Once we opened up about our struggles, one of the first questions people would ask was, “When did you get him?” When I told others that we adopted him at birth, people would insinuate that our struggles must be related to our parenting. In their eyes, it should be just like I birthed him myself, and any struggles were due to our deficits as parents.
It was during that time that people were eager to give us all kinds of horrible advice. What my son needed most was for us to understand that his behavior was a symptom of his vulnerable nervous system that wasn’t functioning properly. Once he was diagnosed with Sensory Processing Disorder, we were able to help him with occupational therapy.
Additionally, it was his experience of being separated from his biological mother at birth that had the greatest negative impact on his neurological development. The reason is because the brain is developing at such a fast rate at birth and several months afterwards. Any negative effect is compounded during that time of development.
It has taken me many years to understand that my children’s behavior is not a reflection of how great (or not great) of a parent I am. It’s funny because I remember my own parents telling me that same thing when I was in the trenches of parenting young children. On many occasions, they would try to get the message through to me that my child’s behavior was not my report card.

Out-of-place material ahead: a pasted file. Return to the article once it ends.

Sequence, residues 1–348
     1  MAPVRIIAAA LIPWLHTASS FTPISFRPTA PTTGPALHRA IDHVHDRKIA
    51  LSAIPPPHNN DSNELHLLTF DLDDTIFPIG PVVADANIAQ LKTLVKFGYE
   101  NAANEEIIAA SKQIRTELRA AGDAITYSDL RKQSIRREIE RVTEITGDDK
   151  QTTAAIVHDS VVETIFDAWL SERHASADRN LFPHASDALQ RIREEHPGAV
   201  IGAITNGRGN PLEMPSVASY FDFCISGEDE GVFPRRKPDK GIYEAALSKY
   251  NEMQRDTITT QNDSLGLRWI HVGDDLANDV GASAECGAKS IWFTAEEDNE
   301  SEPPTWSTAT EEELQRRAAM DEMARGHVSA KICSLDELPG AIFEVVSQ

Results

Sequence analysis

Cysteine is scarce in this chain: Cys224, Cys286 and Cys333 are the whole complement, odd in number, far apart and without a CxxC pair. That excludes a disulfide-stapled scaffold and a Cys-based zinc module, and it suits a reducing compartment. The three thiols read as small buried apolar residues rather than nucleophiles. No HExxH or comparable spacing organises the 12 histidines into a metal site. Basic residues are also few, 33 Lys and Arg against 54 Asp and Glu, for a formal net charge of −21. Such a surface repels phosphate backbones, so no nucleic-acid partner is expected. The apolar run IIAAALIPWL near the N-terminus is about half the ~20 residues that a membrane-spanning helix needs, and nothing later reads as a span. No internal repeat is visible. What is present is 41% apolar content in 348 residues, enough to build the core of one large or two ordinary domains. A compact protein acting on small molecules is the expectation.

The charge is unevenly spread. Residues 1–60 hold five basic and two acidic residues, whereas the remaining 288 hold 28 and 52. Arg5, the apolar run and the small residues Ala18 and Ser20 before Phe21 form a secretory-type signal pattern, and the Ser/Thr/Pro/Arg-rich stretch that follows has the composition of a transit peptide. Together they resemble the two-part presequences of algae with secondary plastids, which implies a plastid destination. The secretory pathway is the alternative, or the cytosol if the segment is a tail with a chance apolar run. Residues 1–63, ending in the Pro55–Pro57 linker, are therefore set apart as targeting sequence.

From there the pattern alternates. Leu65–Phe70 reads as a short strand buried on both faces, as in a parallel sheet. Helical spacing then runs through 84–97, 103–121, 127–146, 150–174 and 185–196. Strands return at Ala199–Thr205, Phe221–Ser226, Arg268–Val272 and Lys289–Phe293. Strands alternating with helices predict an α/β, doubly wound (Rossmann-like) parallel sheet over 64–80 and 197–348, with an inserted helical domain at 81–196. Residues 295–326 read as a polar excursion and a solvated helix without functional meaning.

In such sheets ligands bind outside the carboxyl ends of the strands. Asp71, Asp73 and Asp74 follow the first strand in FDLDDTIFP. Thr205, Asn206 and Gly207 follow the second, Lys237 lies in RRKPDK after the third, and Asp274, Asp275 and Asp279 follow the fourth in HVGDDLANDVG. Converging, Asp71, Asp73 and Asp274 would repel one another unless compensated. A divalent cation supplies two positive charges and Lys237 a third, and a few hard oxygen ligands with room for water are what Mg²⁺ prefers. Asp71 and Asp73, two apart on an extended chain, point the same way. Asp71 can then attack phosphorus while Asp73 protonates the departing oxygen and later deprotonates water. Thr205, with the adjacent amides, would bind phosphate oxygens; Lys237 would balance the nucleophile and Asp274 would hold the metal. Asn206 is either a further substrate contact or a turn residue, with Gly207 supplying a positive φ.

Parents, please take a deep breathe and relax because The Parent Report Card does not exist!
If you are struggling family, like so many others, do not give up. There are great resources available. Find someone who understands the research on brain development, and ask them for help. You will be amazed at how quickly it will transform your home.
2 thoughts on “The Parent Report Card Does Not Exist”
As a father of a baby boy we adopted at birth almost 47 years ago, I can identify with this story. Our son seemed almost perfect until about the age of 6 and then strange behavior began. By age 12, he was running away and performing devious deeds that shocked us beyond any limits we could have imagined. He would be 28 before he began to really “come out of it.” By that time, he had spent three terms in prison and fathered two children out of wedlock by two different women. At times, I wondered if I would ever be able to again say I was proud of him. Thankfully, today I can. The life he has lived for the past 17 years makes me proud. Once, when he was in prison and bragging about me, someone asked him, “If your dad is so perfect, what are you doing in here?” He answered, “You cannot blame my dad for my stupidity. Look at it this way. there is only one perfect Father, and look how His children turn out!”
Gene, thank you for sharing your own parenting experience. It is a deep comfort when we know that our own experiences connect with those of others around us. Maybe it’s because parenting can be so very isolating during a time when we need connection the most. In my parenting journey I’ve found that when I begin to feel overwhelmed it helps to stop and think… I’m doing the best I can with the information I have, and I will trust God with the rest! Again, thanks for sharing. I hope more people will be encouraged to join in the tough conversations we desperately need to have about parenting.